Niccolò Machiavelli was born in Florence on May 3, 1469 and died in Florence on June 21, 1527. He was a philosopher, statesman, and political theorist and is often referred to as the "father of modern political theory".
Niccolò Machiavelli wrote his first work in 1499 entitled, Discorso sopra le cose di Pisa (Discourse on Pisa), and in 1502, Discorso sopra la provisione del danaro (Discourse about the Provision of Money). In the same year as the latter treatise, Niccolò Machiavelli also completed the short treatise Del modo di trattare i sudditi della Valdichiana ribellati (On the Way to Deal with the Rebel Subjects of the Valdichiana). Other early works of Niccolò Machiavelli include the political analyses Ritratti delle cose dell' Alemagna (Portrait of the affairs of Germany, 1508-1512) and Ritratti delle cose di Francia (Portrait of the affairs of France, 1510).
In 1513 he wrote his most famous piece Il Principe (The Prince). The book caused a great controversy, as it was "simply" a study on how to acquire and maintain power.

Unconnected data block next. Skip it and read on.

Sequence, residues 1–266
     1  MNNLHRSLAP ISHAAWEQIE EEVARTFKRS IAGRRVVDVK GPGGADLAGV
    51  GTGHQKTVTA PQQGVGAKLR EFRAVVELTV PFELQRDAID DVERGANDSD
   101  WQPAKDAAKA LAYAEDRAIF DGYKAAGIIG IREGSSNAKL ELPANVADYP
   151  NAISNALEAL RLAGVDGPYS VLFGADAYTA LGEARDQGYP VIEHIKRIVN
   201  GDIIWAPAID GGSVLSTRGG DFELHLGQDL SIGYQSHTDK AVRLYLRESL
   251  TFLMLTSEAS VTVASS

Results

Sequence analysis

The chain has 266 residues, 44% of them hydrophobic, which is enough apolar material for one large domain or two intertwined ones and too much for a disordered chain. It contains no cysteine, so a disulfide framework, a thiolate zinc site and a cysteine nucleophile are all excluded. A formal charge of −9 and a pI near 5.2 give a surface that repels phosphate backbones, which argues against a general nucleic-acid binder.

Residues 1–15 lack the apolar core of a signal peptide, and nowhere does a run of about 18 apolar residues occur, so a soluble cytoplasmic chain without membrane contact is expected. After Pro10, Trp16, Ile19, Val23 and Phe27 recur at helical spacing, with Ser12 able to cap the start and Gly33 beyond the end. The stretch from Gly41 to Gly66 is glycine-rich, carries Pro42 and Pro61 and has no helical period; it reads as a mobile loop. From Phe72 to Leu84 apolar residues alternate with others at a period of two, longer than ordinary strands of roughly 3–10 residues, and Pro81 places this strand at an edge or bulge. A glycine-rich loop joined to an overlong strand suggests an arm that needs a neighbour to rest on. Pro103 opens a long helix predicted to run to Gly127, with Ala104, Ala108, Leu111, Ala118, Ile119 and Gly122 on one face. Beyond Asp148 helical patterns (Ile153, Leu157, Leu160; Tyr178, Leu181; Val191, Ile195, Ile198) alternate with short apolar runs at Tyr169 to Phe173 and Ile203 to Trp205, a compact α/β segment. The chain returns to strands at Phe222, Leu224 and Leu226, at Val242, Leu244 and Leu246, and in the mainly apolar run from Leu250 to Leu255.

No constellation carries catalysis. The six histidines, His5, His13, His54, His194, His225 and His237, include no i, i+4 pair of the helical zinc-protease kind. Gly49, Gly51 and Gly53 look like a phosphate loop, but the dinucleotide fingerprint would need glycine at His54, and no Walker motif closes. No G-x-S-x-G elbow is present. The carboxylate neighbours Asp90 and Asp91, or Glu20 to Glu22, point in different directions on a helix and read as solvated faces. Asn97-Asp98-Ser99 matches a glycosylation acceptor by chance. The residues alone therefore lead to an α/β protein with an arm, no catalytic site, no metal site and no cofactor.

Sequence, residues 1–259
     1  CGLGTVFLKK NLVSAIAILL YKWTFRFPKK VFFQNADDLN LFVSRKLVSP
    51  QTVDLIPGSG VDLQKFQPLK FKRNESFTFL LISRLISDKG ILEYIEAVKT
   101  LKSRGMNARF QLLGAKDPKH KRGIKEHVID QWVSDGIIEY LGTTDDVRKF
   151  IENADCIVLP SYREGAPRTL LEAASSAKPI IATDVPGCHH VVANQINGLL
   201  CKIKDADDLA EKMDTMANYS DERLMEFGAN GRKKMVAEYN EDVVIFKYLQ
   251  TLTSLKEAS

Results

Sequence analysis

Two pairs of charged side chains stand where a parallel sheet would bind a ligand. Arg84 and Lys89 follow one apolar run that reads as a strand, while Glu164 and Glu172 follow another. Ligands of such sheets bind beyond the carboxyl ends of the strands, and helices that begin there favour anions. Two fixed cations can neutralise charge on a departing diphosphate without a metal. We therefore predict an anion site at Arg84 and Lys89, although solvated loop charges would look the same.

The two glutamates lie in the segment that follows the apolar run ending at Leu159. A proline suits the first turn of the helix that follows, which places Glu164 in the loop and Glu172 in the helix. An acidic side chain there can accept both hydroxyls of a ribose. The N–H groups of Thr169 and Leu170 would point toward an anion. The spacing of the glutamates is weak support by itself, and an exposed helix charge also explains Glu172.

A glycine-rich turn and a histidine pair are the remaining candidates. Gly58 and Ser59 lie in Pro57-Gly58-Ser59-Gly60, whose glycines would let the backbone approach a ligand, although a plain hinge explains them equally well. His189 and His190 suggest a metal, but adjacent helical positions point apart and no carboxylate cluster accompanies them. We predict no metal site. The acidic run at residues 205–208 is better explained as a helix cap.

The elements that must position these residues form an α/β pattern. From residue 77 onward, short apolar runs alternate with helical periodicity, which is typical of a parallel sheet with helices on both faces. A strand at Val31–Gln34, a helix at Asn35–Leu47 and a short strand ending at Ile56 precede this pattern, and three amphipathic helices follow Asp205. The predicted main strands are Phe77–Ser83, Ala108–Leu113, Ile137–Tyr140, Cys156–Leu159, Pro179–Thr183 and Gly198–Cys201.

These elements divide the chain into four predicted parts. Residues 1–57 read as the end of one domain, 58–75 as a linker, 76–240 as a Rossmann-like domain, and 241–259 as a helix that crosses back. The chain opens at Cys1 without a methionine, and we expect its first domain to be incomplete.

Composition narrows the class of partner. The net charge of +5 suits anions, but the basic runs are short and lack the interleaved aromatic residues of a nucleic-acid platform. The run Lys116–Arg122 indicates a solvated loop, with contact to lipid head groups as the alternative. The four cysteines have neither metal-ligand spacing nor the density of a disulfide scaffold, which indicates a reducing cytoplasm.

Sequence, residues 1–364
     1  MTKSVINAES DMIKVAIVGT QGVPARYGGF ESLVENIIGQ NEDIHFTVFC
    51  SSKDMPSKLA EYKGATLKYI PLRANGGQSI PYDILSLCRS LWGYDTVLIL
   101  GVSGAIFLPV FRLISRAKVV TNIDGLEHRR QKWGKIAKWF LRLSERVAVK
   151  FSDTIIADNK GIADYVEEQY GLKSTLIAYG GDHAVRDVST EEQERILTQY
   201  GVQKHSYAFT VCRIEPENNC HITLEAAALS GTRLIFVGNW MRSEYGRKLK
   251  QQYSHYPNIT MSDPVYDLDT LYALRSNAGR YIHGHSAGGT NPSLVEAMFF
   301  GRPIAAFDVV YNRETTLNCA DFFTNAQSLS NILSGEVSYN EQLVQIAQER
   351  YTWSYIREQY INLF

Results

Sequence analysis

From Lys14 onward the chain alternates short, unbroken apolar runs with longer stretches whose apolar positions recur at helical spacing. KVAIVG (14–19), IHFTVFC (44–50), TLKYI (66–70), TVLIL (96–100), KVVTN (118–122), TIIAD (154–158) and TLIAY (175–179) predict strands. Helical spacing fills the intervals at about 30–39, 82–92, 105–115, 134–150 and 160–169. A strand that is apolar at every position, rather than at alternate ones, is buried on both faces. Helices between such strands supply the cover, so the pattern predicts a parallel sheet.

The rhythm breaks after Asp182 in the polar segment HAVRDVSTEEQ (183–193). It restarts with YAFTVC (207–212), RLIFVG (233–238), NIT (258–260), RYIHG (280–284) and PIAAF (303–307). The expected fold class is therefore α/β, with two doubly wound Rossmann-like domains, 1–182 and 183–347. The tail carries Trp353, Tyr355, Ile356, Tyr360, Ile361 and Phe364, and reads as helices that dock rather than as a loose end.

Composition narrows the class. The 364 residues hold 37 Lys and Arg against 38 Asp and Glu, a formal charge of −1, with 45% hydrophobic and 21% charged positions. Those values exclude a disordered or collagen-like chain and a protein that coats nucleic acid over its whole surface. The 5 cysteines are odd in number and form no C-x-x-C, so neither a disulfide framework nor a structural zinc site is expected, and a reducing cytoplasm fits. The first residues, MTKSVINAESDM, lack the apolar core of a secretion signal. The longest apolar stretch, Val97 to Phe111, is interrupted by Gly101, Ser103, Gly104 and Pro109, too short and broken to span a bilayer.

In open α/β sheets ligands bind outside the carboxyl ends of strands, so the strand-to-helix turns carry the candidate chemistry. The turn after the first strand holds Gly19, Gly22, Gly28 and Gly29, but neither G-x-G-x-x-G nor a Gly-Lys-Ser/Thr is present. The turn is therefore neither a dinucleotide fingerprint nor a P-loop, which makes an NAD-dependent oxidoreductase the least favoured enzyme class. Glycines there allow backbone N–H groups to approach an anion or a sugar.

Yet, perhaps more than that, the main aim of the Il Principe is a critique of traditional moral norms and ideologies regarding the exercise of power. Niccolò Machiavelli argues that a ruler should not care about these norms (or laws in general) and should only be concerned with authority and power, which are equal, and war.
Machiavelli's Dell'arte della guerra (The Art of War), written between 1519 and 1520, continues with many of his "republican" ideas. In this work, the only political work published during his lifetime, he essentially gives instructions on how to acquire and maintain military force and argues that the liberty of a state (and of its citizens) requires the military preparedness of the citizens.
Niccolò Machiavelli also worked as a translator and wrote a novel Belfagor arcidiavolo (1527), several poems, and three plays: Mandragola (1518; The Mandrake, 1518), Clizia (1525), and Andria (1517). When in Lucca in 1520, he wrote a few pieces La vita di Castruccio Castracani da Lucca (The Life of Castruccio Castracani of Lucca). In that same year, Niccolò Machiavelli was also made the official historian of Florence by Pope Leo X and was commissioned to write the Istorie fiorentine (History of Florence). Five years later it was completed and he presented the work to Pope Clement VII in 1525 who rewarded him with a stipend.
Though relatively unrecognised during his lifetime, his influence on political science can hardly be overestimated. He influenced such thinkers as Thomas Hobbes, Francis Bacon and Antonio Gramsci, and among the many philosophers, Baruch Spinoza and Jean-Jacques Rousseau, were among his biggest defenders.
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